Buying ebooks cooperatively in a large district or consortium makes the most of every dollar, but it’s not easy to ensure that everyone feels invested and involved in the selection process. To solve this, the school library system of the Genesee Valley Educational Partnership built a new ebook system showcasing some ideas I wrote about in “A Call for Fair Ebook Pricing” (November 2012) and “A Call for ‘Blended Funding’” (December 2012). The result is WEBOOKS, recently named a Cutting Edge Technology Project by the American Library Association’s 21st-Century Libraries Committee.
It made sense to band together to buy ebooks as a single region rather than purchasing as 22 small districts. Buying as a group helped, but our rural schools still didn’t have new money to spend on ebooks. For this project, a blended-funding solution meant starting with librarians, allocating a portion of their existing state library materials aid to the regional purchases while seeking additional resources from classroom or textbook funding.
The goal was twofold: pool money from individual libraries to leverage group purchasing, and increase the efficient use of existing funding. New York State provides $6.25 in state aid per student to each district for library materials. Asking librarians to give up even 10 percent or 20 percent of their limited book budgets was met with entirely reasonable resistance. For this plan to work, participating librarians had to retain control of their money throughout the selection process.
Working together with our librarians, we found inspiration in crowd-sourced funding sites like Kickstarter.com. On Kickstarter, people post projects to raise money from individual donors. For example, the Harvey Pekar Estate crowd-funded the creation of a memorial statue of the comic book author for the Cleveland Heights public library. Kickstarter’s site tracks pledges until the fundraising goal is reached. Then, people who pledged are charged and the project receives the money. We thought we could use a similar crowd-funding method to let librarians select books in a consortium.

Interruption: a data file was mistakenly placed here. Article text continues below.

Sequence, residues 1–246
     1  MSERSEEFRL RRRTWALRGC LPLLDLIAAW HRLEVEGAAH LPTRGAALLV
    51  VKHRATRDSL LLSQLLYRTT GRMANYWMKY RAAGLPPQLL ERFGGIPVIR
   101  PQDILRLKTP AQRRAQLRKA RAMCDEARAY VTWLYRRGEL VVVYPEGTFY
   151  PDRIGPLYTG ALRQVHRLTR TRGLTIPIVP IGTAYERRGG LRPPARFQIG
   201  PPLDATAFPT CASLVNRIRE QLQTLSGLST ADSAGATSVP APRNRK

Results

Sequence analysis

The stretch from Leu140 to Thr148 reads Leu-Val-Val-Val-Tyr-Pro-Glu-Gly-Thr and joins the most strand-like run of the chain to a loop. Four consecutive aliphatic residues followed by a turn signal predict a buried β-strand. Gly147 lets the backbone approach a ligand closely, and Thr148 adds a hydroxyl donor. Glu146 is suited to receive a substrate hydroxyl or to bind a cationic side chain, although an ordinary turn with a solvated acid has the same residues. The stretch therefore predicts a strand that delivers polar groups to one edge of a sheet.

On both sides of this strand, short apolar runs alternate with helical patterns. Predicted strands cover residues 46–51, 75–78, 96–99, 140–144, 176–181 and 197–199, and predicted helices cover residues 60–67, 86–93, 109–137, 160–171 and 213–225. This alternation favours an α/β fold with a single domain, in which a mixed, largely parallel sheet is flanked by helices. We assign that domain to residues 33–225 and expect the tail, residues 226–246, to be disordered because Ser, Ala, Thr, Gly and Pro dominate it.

The process we settled on is based on the regional price break point, when the number of individual libraries buying the ebook for their building meets the cost of buying the book for the whole region. For example, an ebook might cost one library $20 and the region $200. If 10 libraries plan on buying that book, we might as well pool the money and buy it for the region. Our selection tool is built around pledges; librarians indicate that they would allocate their money to buy the book individually. When the number of pledges reaches the set break point, the book is purchased for the region by pulling in the pledges, which will fund it.
This couldn’t have worked without three keys. First, our member librarians helped us find a delicate balance between a library giving up some limited funding and retaining control. We also credit the publishers that were willing to consider a new business model and provide regional pricing: ABC-CLIO, Britannica, Chelsea House, Lerner, and Rosen. The final key was Mackin, which worked with publishers on pricing to make this regional buying possible. Mackin’s VIA platform for digital content will give the kids in our region easy access to the collection on computers, iPads, and Android tablets.
Working through an aggregator was a deliberate choice. I might have been able to get lower prices directly from publishers and my amazing team could probably have developed a reading platform, but I wanted this project to be replicable and sustainable. I believe that this model can work for districts and consortia around the country.
Christopher Harris (email@example.com) is coordinator of the school library system of the Genesee Valley (NY) Educational Partnership.